Shinkai Y, Satoh H, Takeda N, Fukuda M, Chiba E, Kato T, Kuramochi T, Araki Y: A testicular germ cell-associated serine-threonine kinase, MAK, is dispensable for sperm formation. Mol Cell Biol. 2002, 22: 3276-3280. 10.1128/MCB.22.10.3276-3280.2002
Bengs F, Scholz A, Kuhn D, Wiese M: LmxMPK9, a mitogen-activated protein kinase homologue affects flagellar length in Leishmania mexicana. Mol Microbiol. 2005, 55: 1606-1615. 10.1111/j.1365-2958.2005.04498.x
Miyata Y, Nishida E: Distantly related cousins of MAP kinase: biochemical properties and possible physiological functions. Biochem Biophys Res Commun. 1999, 266: 291-295. 10.1006/bbrc.1999.1705
Schindler K, Winter E: Phosphorylation of Ime2 regulates meiotic progression in Saccharomyces cerevisiae. J Biol Chem. 2006, 281: 18307-18316. 10.1074/jbc.M602349200
Clifford DM, Marinco SM, Brush GS: The meiosis-specific protein kinase Ime2 directs phosphorylation of replication protein A. J Biol Chem. 2004, 279: 6163-6170. 10.1074/jbc.M306943200
Morita K, Saitoh M, Tobiume K, Matsuura H, Enomoto S, Nishitoh H, Ichijo H: Negative feedback regulation of ASK1 by protein phosphatase 5 (PP5) in response to oxidative stress. Embo J. 2001, 20: 6028-6036. 10.1093/emboj/20.21.6028
Urban G, Golden T, Aragon IV, Cowsert L, Cooper SR, Dean NM, Honkanen RE: Identification of a functional link for the p53 tumor suppressor protein in dexamethasone-induced growth suppression. J Biol Chem. 2003, 278: 9747-9753. 10.1074/jbc.M210993200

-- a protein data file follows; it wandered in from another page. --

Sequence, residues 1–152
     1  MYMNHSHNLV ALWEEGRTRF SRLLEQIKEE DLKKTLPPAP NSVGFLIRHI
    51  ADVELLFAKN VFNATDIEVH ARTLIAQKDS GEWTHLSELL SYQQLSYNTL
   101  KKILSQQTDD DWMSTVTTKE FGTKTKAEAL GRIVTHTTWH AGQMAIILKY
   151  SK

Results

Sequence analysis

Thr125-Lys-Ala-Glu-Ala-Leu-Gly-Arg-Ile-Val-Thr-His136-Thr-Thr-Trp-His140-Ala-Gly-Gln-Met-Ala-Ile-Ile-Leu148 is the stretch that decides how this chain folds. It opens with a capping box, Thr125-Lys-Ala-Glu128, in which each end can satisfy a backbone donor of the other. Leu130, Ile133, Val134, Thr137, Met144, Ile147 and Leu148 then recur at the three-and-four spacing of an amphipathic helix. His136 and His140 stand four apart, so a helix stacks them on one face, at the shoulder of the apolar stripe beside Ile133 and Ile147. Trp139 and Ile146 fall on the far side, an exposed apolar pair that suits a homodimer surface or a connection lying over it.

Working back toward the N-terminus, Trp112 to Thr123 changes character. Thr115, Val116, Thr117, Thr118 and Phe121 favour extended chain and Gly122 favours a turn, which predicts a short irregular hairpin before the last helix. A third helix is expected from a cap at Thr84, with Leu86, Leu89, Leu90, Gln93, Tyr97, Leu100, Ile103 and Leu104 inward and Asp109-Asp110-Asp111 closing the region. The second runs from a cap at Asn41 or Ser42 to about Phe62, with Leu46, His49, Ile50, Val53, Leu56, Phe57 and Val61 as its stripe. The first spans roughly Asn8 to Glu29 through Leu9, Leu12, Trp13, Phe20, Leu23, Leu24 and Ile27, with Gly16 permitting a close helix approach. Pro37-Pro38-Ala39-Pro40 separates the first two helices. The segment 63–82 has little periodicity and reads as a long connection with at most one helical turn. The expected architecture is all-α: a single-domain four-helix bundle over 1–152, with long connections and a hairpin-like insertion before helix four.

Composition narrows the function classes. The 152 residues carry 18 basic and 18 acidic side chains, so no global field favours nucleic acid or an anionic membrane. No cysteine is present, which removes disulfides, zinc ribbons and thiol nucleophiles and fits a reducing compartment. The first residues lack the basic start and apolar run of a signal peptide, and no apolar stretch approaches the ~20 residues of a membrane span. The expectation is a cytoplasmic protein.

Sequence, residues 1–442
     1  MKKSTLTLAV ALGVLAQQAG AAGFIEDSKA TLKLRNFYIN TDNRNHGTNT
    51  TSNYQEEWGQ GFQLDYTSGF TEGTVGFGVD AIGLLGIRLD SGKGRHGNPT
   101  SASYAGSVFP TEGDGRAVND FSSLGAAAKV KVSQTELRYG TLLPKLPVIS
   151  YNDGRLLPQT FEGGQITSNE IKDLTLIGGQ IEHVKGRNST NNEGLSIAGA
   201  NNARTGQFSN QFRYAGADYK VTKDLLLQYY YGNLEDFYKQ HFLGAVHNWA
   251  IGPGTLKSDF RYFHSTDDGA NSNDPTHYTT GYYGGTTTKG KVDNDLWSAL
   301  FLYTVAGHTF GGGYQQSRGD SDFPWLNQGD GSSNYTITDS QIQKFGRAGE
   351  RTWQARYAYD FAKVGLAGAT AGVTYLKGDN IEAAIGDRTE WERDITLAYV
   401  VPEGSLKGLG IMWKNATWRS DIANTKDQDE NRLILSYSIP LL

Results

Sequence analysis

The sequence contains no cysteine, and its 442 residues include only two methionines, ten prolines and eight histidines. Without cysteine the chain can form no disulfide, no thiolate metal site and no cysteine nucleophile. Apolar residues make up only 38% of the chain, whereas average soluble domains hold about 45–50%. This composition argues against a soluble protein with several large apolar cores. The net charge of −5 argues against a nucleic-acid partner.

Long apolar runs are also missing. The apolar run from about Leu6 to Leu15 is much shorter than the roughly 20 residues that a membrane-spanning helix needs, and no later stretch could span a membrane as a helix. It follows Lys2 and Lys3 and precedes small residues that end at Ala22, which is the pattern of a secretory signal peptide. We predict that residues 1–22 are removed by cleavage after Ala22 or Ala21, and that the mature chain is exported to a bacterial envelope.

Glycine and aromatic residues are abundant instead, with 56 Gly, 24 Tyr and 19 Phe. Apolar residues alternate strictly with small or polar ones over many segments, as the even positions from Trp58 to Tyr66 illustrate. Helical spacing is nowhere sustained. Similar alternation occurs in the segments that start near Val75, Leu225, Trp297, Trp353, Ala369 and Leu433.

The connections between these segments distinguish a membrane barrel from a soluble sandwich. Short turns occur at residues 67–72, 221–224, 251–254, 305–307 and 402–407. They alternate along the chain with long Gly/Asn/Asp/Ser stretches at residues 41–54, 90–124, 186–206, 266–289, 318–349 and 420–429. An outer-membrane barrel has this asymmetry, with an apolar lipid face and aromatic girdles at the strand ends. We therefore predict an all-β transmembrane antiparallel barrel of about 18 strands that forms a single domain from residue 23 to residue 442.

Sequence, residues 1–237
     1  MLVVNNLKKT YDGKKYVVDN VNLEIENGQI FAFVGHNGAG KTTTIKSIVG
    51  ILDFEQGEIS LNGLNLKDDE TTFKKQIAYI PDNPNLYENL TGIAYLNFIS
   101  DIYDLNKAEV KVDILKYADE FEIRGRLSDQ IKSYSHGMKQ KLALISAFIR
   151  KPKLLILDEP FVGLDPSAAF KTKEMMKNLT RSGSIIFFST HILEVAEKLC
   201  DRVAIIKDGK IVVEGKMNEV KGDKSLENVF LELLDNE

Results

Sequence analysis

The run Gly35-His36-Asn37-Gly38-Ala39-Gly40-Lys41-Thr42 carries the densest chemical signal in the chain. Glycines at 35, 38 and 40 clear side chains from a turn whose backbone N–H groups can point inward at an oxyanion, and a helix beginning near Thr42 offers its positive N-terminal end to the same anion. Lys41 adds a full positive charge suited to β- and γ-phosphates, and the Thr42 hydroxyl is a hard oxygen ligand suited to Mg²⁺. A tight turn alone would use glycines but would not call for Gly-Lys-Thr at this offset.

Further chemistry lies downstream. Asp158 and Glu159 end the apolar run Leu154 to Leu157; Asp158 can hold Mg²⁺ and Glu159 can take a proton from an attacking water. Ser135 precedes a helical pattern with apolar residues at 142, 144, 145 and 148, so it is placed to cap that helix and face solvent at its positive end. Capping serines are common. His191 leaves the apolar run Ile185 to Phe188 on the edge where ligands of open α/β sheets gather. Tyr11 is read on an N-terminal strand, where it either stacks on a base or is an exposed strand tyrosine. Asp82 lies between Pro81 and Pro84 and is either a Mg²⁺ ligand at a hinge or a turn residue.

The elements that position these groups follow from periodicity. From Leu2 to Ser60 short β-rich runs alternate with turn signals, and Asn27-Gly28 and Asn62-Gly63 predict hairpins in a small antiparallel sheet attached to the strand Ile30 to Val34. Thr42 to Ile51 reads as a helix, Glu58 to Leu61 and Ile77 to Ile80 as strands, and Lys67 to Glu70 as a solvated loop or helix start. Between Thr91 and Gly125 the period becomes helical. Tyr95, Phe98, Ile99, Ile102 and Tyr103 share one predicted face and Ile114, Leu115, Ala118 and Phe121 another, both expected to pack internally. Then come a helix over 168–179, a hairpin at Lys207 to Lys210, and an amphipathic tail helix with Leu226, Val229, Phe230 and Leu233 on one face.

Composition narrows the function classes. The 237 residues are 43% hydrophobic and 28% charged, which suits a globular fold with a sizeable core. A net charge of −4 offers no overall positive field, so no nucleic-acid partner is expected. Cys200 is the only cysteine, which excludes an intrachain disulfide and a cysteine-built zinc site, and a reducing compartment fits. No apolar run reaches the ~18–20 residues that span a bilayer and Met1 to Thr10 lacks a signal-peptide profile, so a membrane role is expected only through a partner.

Wechsler T, Chen BP, Harper R, Morotomi-Yano K, Huang BC, Meek K, Cleaver JE, Chen DJ, Wabl M: DNA-PKcs function regulated specifically by protein phosphatase 5. Proc Natl Acad Sci USA. 2004, 101: 1247-1252. 10.1073/pnas.0307765100
Zhang J, Bao S, Furumai R, Kucera KS, Ali A, Dean NM, Wang XF: Protein phosphatase 5 is required for ATR-mediated checkpoint activation. Mol Cell Biol. 2005, 25: 9910-9919. 10.1128/MCB.25.22.9910-9919.2005
Thress K, Henzel W, Shillinglaw W, Kornbluth S: Scythe: a novel reaper-binding apoptotic regulator. Embo J. 1998, 17: 6135-6143. 10.1093/emboj/17.21.6135
Desmots F, Russell HR, Michel D, McKinnon PJ: Scythe regulates apoptosis-inducing factor stability during endoplasmic reticulum stress-induced apoptosis. J Biol Chem. 2008, 283: 3264-3271. 10.1074/jbc.M706419200
Minami R, Shimada M, Yokosawa H, Kawahara H: Scythe regulates apoptosis through modulating ubiquitin-mediated proteolysis of the Xenopus elongation factor XEF1AO. Biochem J. 2007, 405: 495-501. 10.1042/BJ20061886